The role of local societies in early modern geotourism: a case study of the Chester Society of Natural Science and the Woolhope Naturalists’ Field Club
Published:January 01, 2016
Cynthia V. Burek, Thomas A. Hose, 2016. "The role of local societies in early modern geotourism: a case study of the Chester Society of Natural Science and the Woolhope Naturalists’ Field Club", Appreciating Physical Landscapes: Three Hundred Years of Geotourism, T. A. Hose
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Local voluntary natural science societies played an important role in the development of early modern geotourism. This chapter explores the development of field, especially geological, excursions and their popularity in two local natural science societies – The Chester Society of Natural Science and the Woolhope Naturalists’ Field Club – from the 1850s to the 1950s. Both societies were established in the borderlands between England and Wales and had a strong emphasis on local and regional scientific studies. They exemplify broader trends in public engagement in the natural sciences and associated fieldwork consequent upon the British socio-political environment. Further, they draw out comparisons between the attitudes of society to excursions and scientific fieldwork, as well as involvement by social status and gender.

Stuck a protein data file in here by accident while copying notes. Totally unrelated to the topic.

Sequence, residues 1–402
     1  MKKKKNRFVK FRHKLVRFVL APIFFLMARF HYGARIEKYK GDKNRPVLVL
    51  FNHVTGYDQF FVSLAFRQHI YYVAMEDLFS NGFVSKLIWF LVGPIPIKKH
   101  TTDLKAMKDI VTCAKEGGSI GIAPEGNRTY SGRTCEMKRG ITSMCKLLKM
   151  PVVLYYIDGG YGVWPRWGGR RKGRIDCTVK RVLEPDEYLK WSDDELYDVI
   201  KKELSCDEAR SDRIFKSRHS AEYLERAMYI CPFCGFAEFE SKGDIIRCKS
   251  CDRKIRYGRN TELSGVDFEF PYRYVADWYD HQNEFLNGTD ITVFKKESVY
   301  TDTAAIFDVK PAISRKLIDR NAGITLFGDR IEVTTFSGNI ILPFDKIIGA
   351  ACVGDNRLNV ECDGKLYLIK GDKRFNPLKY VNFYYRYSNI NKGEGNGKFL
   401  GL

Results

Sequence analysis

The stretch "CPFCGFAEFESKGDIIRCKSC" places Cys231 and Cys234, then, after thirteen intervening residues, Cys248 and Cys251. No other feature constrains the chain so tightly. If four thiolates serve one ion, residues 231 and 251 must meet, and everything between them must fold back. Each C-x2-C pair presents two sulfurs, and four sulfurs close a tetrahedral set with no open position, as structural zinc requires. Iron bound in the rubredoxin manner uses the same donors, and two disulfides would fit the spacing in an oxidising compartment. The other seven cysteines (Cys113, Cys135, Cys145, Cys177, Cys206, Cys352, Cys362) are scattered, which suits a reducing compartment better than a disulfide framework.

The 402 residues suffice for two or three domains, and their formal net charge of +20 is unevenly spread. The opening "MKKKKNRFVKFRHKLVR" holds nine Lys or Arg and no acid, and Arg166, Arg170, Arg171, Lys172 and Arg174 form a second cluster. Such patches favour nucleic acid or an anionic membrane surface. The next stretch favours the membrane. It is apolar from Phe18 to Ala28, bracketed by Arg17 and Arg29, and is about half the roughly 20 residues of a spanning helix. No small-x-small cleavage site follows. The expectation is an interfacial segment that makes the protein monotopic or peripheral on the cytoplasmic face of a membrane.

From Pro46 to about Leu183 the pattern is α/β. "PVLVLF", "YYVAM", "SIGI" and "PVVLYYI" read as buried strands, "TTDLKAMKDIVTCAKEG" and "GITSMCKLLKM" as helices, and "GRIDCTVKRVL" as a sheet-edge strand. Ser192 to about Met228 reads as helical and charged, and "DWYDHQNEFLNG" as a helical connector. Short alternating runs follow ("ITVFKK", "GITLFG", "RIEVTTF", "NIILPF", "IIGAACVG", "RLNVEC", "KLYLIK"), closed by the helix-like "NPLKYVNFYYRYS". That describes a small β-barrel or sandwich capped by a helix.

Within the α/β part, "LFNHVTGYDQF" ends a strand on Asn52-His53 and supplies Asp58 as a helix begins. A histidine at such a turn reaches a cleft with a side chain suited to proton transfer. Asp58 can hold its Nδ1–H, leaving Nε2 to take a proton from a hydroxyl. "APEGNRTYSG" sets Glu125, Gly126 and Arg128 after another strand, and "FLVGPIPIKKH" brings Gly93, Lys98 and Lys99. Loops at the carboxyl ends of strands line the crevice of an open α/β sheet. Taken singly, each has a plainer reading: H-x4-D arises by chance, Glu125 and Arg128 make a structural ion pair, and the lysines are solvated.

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Appreciating Physical Landscapes: Three Hundred Years of Geotourism
Geotourism, as a form of sustainable geoheritage tourism, was defined and developed, from the early 1990s, to contextualize modern approaches to geoconservation and physical landscape management. However, its roots lie in the late seventeenth century and the emergence of the Grand Tour and its domestic equivalents in the eighteenth century. Its participants and numerous later travellers and tourists, including geologists and artists, purposefully explored wild landscapes as‘geotourists’.
The written and visual records of their observations underpin the majority of papers within this volume; these papers explore some significant geo-historical themes, organizations, individuals and locations across three centuries, opening with seventeenth century elite travellers and closing with modern landscape tourists. Other papers examine the resources available to those geotourists and explore the geotourism paradigm.
The volume will be of particular interest to Earth scientists, historians of science, tourism specialists and general readers with an interest in landscape history.
- case studies
- elementary geology
- field trips
- Great Britain
- historical documents
- human activity
- popular geology
- public awareness
- United Kingdom
- Western Europe
- Woolhope Field Naturalists' Club
- Chester Natural Science Society